Two world premieres and a fabulous Francesca di Rimini from Petrenko’s Berlin Philharmonic

GermanyGermany Streich, Wolfe, Tchaikovsky: Berlin Philharmonic Orchestra / Kirill Petrenko (conductor), Philharmonie, Berlin, 11.6.2023. (GT)

Kirill Petrenko conducts the Berlin Philharmonic © Monika Rittershaus

Lisa Streich ISHJÄRTA (Icy Heart)
Julia WolfePretty
TchaikovskyFrancesca di Rimini

In recent seasons, under the Russian-born conductor, Kirill Petrenko, the Berlin Philharmonic constantly extend the borders of performance. Of course, in recent years, Sir Simon Rattle was responsible for engaging with new music and discovering new forms of musical expression and ways to bring people to love music. Yet Petrenko has fundamentally taken the Berlin Philharmonic to a new, higher level of music-making. That he has done this during the aftermath to a worldwide pandemic and with growing tensions in Europe. This concert reflects the nature in which concertgoers in the German capital can approach every concert, as a new adventure, even of repertoire they may have thought was traditional and normal. This concert featured two world premieres by woman composers, and a well-known work by the conductor’s compatriot Pyotr Tchaikovsky.

The first world premiere we heard was by the Swedish composer Lisa Streich (1985) was born in Norra Rada, Sweden. She studied composition and organ in Berlin, Stockholm, Salzburg, Paris, and Cologne with Johannes Schöllhorn, Adriana Hölszky, Mauro Lanza, and Margareta Hürholz. Streich completed her musical education with Chaya Czernowin, Steven Takasugi, Hanspeter Kyburz, and Daniel Roth. She holds a scholarship at the NMH Oslo, where Helmut Lachenmann is her mentor.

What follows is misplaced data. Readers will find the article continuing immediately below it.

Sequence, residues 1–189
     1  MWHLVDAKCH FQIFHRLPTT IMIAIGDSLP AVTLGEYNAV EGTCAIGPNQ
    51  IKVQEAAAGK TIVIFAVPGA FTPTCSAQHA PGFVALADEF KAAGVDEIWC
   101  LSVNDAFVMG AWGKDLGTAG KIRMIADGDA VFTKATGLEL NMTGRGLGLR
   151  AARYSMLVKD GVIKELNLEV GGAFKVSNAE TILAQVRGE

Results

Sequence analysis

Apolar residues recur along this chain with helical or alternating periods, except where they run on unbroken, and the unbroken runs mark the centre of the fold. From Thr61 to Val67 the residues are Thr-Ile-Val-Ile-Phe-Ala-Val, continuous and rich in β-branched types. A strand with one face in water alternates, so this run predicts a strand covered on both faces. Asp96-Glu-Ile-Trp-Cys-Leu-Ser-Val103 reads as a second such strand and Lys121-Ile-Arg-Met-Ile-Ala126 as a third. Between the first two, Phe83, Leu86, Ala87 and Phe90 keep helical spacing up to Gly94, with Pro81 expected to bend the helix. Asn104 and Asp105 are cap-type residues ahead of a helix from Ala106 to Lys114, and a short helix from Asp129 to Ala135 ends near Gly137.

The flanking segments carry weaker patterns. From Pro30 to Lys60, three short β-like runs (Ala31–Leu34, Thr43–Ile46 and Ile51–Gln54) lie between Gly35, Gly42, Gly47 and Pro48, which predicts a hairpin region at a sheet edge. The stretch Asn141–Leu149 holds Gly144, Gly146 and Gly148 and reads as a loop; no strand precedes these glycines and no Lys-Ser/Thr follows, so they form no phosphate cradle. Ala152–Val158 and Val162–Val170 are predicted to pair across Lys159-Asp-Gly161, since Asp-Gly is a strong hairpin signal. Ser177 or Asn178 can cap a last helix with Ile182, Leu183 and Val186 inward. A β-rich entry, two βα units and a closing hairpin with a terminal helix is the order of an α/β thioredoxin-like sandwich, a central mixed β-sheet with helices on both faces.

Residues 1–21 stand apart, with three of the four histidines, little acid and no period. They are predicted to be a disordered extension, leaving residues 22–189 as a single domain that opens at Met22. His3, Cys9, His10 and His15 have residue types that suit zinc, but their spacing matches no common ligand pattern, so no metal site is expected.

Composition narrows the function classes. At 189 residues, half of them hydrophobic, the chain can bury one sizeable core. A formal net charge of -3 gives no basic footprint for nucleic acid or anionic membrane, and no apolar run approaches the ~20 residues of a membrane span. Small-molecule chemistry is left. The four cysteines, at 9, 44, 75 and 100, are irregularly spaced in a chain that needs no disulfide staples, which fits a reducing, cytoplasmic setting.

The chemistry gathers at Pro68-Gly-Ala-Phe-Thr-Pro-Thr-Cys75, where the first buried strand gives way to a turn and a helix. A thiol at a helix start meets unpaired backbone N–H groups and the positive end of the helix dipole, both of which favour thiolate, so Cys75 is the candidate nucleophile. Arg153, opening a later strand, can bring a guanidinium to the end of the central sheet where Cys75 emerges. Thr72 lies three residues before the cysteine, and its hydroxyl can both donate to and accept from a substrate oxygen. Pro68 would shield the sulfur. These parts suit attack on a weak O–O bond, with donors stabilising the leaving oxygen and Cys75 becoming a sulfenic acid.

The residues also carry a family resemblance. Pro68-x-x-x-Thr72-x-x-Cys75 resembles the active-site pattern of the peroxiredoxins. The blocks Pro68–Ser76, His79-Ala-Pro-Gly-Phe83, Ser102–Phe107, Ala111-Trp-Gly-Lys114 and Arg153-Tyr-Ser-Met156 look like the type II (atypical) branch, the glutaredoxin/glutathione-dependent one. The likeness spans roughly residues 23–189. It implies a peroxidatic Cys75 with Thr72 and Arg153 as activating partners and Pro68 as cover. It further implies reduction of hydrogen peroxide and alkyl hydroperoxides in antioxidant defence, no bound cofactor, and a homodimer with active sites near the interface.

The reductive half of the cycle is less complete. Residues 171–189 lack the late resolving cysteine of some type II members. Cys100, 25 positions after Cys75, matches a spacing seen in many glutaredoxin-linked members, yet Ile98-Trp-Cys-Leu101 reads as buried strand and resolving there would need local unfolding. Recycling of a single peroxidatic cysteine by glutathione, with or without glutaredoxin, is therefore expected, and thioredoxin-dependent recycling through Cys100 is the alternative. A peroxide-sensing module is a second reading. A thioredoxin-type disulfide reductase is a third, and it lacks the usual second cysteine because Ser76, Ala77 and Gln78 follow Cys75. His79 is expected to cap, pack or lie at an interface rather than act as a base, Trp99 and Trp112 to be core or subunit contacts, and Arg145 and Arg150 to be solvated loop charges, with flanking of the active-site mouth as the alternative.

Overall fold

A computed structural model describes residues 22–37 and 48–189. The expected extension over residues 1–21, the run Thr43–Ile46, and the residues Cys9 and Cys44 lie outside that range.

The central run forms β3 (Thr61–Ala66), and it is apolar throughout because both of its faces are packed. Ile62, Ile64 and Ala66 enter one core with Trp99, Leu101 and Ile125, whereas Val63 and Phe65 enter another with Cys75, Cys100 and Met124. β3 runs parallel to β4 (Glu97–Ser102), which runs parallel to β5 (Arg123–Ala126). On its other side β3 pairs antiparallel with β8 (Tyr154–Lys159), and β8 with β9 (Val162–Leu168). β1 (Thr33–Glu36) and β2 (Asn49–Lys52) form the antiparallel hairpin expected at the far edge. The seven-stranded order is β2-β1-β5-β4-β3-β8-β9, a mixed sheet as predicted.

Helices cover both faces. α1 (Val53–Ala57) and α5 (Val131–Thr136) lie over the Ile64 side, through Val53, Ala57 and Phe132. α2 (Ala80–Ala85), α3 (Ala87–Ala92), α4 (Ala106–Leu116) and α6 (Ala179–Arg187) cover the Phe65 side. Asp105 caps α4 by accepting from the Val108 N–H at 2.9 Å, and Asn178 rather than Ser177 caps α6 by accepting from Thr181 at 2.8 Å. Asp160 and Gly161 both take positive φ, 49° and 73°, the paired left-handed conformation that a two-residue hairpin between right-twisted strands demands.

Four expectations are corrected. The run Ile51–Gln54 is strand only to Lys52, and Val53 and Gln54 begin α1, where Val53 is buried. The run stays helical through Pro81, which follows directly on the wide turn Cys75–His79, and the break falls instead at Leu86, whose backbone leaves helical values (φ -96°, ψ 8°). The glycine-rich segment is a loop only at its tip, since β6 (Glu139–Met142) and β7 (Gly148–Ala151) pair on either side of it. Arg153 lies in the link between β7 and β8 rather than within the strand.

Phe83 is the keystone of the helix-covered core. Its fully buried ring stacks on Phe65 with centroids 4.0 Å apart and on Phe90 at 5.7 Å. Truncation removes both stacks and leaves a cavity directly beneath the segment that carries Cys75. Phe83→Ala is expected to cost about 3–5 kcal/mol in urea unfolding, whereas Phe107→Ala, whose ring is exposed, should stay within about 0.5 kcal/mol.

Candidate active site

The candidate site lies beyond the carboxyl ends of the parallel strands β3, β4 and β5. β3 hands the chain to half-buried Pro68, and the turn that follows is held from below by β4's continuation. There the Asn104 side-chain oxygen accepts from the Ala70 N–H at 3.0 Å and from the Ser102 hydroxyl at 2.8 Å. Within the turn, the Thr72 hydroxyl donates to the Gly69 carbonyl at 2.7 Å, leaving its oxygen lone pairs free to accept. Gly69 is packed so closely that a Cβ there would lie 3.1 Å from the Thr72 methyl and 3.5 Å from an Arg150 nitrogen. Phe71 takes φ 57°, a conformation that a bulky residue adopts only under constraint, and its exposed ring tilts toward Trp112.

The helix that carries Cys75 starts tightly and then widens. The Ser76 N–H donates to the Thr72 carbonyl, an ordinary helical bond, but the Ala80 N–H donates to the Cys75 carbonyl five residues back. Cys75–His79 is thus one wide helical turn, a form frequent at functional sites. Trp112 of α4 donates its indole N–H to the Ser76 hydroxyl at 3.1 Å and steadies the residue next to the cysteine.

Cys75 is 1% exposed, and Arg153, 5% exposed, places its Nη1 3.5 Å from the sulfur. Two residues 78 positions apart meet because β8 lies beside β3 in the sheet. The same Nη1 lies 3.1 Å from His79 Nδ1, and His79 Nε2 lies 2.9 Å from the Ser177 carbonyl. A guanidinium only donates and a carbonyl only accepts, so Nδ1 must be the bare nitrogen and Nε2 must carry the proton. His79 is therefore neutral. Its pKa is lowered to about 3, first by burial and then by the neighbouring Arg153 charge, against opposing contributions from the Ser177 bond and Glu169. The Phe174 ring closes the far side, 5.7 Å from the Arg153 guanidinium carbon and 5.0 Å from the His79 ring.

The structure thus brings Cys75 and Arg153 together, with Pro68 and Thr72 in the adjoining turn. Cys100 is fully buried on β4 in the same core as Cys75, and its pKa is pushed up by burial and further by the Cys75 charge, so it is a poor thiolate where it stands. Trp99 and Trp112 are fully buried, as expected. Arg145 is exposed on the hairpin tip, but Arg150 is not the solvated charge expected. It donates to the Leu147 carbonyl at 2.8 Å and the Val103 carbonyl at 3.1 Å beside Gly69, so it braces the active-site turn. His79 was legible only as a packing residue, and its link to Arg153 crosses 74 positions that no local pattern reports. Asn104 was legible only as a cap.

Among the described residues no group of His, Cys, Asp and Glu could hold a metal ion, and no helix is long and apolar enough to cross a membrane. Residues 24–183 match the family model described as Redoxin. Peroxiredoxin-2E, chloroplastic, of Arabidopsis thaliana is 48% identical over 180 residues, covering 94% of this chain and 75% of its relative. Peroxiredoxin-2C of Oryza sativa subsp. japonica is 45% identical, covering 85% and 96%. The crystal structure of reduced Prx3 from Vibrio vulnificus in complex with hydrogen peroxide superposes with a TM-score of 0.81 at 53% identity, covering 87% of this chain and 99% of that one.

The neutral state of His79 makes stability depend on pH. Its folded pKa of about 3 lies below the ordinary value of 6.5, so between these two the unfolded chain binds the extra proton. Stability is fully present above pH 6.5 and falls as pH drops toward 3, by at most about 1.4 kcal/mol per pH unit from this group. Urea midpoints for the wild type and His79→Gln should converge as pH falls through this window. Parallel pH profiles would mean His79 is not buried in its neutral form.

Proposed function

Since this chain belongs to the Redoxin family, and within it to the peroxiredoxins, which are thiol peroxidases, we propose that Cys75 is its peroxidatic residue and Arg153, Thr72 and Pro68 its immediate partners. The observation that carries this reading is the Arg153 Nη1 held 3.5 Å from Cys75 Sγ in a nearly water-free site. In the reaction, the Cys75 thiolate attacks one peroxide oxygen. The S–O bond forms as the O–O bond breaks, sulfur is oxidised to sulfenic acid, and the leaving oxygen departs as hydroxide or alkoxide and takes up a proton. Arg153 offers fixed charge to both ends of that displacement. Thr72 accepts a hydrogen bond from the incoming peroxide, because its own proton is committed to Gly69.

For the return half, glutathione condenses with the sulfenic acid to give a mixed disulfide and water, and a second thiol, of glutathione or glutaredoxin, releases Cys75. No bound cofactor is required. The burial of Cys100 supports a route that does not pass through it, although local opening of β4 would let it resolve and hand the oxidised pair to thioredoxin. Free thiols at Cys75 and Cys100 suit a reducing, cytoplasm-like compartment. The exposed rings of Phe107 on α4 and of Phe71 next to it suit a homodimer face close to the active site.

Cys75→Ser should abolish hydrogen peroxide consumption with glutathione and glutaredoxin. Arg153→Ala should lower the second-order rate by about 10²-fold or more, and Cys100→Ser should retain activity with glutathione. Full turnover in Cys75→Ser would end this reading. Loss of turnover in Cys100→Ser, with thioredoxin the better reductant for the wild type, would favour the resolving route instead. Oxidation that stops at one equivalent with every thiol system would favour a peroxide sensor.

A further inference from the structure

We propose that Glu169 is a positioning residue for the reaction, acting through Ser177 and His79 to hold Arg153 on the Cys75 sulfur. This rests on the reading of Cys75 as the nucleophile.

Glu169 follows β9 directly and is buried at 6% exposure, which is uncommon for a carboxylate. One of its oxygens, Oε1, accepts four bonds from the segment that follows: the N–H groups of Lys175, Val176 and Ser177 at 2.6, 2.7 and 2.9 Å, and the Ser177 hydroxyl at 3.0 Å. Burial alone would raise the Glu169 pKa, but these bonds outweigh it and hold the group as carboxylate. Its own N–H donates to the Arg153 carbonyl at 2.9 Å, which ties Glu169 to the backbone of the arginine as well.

According to her website, ‘she likes to work with motorised instruments of her own creation in her music. She is fascinated by the de-subjectification of sound, which for her becomes universal, speaking of and for everyone. She is also interested in the incongruent contrasts that can arise on both visual and auditory levels at the same time. Likewise, she pursues a keen interest in imperfect, well-known chords from recordings which she decidedly takes apart and weaves – sometimes with 40 voices – throughout an orchestral movement.’ ‘Lisa Streich has her own voice,’ says conductor Alan Gilbert. ‘The musicians immediately recognized the quality of her music and found her work special.’

Streich has received commissions from the Lucerne Festival, the Kölner Philharmonie, the Swedish Radio Choir, the Gothenburg Symphony Orchestra, and the Shizuoka Concert Hall. Her music has seen performances from the Deutsches Symphonie-Orchester Berlin, the Gothenburg Symphony Orchestra, Swedish Radio Orchestra, Norrköping Symphony Orchestra, and Malmö Symphony Orchestra on the occasion of the 250th anniversary of the Royal Swedish Academy of Music with a commission for a Concerto Grosso, Quatuor Diotima, ensemble recherche, the Eric Ericson Kammerchor, Nouvel Ensemble Moderne Montréal, Ensemble Musikfabrik, the Munich Chamber Orchestra.